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Irregular meals: A threat to Zimbabweans’ health

12 Jul, 2019 - 00:07 0 Views
Irregular meals: A threat to Zimbabweans’ health

B-Metro

Melissa Chekwa
It may appear harmless on the face of it.

Call it survival or adaptation to an unfolding situation. Zimbabweans, especially those in urban settings, are no longer following a defined routine in terms of when they have their meals, the type of meals and number of meals in a given day.

This is largely due to the twin challenges of intermittent water supply and electricity load-shedding that have made cooking at regular times almost impossible.

Many families, especially those that cannot afford alternative water supply sources or energy sources, tend to wait for power to be restored before they undertake their cooking, hence leaving their eating times at the mercy of the irregular power outages.

Many people have resorted to eating once or twice a day while some have incorporated going to bed hungry as the new normal with the cost of food also being a contributory factor.

While year on year average inflation reached 97,85 percent in July, food and non-alcoholic beverages inflation, accounting for 33,5 weight in the Consumer Price Index, was at 126 percent, with prices now beyond the reach of many hence also affecting their eating patterns.

Speaking to B-Metro, Tendai Sibanda of Cowdray Park, expressed anger at being deprived her normal meals because of excessive load shedding.

“I prepare tea in the morning and spend the whole day waiting for electricity to be restored so that I either prepare late lunch or late supper. This is unfair because electricity is usually restored at around 10pm,” lamented Sibanda.

She added: “I usually wake up to a still morning, a sign that there is no power and I instantly know that I now have to get busy searching for firewood while hoping that Zesa may come back soon to save the day.”

Another resident who identified herself as MaDube shared Sibanda’s sentiments and further expressed her concern on how this was affecting children.

“It’s really sad to see your child constantly coming to tell you that they are hungry yet there is nothing you can do about it.

“All we have to do now is train them to adapt to the situation to make it endurable for them,” said a distressed MaDube.

Health officials have expressed concern over these irregular eating patterns as the hunger induced promotes binge eating.
In an interview with B-Metro, Lynn Ndlovu, a nutritionist, gave some insight on how irregular eating poses health risks on people.

“Eating once or twice a day causes high blood pressure especially if the food has high carbohydrates and fats.

“At the same time eating one type of food may cause nutrient deficiency diseases like a weak immune system. Excess sodium leads to high blood pressure while high potassium may trigger electrolyte imbalance leading to heart conditions.”

B- Metro also consulted online sources on the impact of irregular eating on the human body wherein it was established that irregular eating can cause one’s metabolism to slow down, which can cause weight gain or make it harder to lose weight.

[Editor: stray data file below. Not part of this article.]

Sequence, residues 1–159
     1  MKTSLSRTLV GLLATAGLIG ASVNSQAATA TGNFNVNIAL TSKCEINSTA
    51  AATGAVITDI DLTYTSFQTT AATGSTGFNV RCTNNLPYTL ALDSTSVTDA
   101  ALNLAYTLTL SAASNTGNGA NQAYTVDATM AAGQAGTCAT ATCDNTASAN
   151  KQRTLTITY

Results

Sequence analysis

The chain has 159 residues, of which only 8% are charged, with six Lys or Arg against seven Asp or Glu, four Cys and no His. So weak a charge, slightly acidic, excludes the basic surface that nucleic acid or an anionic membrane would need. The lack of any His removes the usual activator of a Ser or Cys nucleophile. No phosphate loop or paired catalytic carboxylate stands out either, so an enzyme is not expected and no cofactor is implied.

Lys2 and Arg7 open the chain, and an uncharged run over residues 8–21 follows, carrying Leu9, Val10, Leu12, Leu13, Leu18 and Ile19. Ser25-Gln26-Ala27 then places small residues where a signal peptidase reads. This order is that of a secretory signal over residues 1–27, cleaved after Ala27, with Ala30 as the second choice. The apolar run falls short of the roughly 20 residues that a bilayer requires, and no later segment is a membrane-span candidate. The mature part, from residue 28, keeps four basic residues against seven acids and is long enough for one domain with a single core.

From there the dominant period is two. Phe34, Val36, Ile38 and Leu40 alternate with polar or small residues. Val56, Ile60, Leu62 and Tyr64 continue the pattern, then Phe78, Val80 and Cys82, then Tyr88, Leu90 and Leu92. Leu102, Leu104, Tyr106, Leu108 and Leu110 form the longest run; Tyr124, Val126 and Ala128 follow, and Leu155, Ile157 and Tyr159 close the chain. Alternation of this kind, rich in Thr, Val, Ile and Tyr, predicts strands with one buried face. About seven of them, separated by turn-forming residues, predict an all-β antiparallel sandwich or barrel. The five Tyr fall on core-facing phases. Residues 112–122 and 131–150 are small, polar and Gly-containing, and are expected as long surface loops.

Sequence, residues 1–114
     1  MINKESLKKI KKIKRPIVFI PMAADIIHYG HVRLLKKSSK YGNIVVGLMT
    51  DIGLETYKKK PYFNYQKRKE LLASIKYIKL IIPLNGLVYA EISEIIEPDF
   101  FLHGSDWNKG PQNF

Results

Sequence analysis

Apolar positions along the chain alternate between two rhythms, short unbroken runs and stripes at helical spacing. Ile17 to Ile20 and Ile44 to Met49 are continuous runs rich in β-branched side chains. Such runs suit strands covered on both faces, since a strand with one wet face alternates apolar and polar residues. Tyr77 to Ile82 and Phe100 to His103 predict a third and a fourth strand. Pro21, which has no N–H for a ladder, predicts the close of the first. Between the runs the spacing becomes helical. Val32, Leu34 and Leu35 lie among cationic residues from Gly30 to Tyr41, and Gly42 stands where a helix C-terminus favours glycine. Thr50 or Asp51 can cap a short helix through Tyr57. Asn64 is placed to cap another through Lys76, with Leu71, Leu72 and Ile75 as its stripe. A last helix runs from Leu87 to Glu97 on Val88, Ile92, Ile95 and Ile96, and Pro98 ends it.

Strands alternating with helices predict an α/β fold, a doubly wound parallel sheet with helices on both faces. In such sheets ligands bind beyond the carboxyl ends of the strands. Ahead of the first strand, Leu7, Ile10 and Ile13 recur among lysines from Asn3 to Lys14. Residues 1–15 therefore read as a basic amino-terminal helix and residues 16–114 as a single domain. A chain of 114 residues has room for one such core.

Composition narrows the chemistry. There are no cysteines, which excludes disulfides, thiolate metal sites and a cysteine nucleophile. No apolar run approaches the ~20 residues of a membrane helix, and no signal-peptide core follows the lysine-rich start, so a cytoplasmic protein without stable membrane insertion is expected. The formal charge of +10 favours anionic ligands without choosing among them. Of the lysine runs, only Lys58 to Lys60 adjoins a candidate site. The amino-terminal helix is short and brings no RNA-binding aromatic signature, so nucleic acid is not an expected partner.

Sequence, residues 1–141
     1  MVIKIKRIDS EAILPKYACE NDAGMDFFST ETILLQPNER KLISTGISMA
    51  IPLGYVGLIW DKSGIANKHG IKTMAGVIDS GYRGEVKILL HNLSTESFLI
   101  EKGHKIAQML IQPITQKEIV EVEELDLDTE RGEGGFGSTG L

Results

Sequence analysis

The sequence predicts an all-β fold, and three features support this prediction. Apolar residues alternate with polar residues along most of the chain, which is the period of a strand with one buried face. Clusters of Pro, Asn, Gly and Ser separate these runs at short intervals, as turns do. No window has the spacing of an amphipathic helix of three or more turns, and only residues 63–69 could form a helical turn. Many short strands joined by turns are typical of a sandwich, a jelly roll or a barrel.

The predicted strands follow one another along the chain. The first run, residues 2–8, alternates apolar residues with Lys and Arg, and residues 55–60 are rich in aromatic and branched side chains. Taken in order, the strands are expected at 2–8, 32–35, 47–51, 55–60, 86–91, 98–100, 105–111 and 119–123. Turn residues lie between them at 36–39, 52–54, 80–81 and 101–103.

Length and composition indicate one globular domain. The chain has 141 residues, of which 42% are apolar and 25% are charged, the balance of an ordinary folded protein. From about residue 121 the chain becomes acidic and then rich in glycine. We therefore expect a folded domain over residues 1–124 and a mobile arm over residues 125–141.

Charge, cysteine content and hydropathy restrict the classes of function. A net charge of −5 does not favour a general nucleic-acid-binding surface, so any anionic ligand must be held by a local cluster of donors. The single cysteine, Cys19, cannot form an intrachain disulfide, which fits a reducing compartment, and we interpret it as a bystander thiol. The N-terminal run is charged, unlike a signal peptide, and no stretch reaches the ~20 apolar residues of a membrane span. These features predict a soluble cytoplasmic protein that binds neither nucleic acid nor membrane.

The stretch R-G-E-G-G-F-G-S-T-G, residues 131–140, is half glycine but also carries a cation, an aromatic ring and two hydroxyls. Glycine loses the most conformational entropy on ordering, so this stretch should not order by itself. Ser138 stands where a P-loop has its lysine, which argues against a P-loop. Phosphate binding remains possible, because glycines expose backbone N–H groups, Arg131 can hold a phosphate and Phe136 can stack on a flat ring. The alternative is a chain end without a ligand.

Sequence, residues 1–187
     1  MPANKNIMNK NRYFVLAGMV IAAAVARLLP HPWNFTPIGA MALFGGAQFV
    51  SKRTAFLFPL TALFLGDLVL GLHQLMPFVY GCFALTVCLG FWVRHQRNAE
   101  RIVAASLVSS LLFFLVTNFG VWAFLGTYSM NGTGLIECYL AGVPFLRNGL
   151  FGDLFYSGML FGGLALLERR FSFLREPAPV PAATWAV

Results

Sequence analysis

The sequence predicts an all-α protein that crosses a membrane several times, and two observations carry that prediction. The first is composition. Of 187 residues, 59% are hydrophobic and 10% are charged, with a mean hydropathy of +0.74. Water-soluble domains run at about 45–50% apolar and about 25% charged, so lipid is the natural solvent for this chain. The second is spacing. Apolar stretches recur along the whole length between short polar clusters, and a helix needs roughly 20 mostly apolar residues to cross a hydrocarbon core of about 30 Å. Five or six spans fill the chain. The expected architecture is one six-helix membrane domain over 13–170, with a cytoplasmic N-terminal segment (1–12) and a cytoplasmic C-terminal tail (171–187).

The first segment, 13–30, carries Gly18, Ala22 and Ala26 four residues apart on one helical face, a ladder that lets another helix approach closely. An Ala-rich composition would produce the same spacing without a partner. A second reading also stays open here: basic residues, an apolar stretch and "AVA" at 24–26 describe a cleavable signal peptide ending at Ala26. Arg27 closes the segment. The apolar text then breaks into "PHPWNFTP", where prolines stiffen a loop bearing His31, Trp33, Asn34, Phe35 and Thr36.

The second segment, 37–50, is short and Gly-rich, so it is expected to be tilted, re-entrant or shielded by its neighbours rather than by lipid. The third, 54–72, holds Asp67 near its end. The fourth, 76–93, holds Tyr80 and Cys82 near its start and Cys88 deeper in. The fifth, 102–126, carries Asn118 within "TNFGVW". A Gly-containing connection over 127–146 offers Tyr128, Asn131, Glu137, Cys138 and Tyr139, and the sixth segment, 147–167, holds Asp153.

Skipping meals causes erratic blood sugar levels, making weight control difficult.

Well-controlled blood glucose helps manage appetite.

Dr V Pravin Kumar notes that our bodies always try to conserve energy for future emergencies like starvation or hibernation.

He explains that there are two types of chemicals acting in the body, with one group involved in breaking down proteins, fats and stored glucose to provide energy while the other group tends to preserve them.

“The current concept of eating at regular times has developed due to our daily working and sleeping hours. So our body also maintains its chemicals according to our routine.

“If you disturb this balance, what happens is, as an example you wake up late and have breakfast at 10 am. You had dinner last night at 10pm.

So your body is under a condition similar to starvation till your breakfast (8hrs after any meal, body responds like it is starving).”

He says at this point the body releases chemicals that break up all the fat from the peripheries, that is, arms and legs. As the body starts getting energy from the food, this fat that was immobilised has to get stored.

Our bodies, he says, then store it in our bellies because it is meant for extreme conditions.

“And also the partially broken fats are being circulated as unhealthy cholesterol. It starts getting deposited on walls of blood vessels later leading to heart attacks and stroke. The body’s control of blood sugar is also not good because your eating times are variable. So you become at risk for diabetes.”

Meanwhile, some Bulawayo residents say they have been able to maintain healthy eating patterns because they are in possession of gas stoves and water storage tanks that help them have uninterrupted supplies.

However, they have expressed fear over constant usage of gas stoves.

“Gas stoves are dangerous especially if you have young children in the house.

They can also be seriously dangerous to adults too if not properly handled,” said Lubalethu Ndlovu, a Selborne Park resident.

“At this point in time, we just pray that Minister Chasi’s adventure works. As much as the gas is efficient, we cannot entirely rely on it because of the cost and neither can we trust it with our lives,” she added.

Energy and Power Development Minister Fortune Chasi is in power import talks with South Africa and Mozambique to bridge the electricity shortfall, and if a deal is reached there could be hope that eating patterns would go back to normal.

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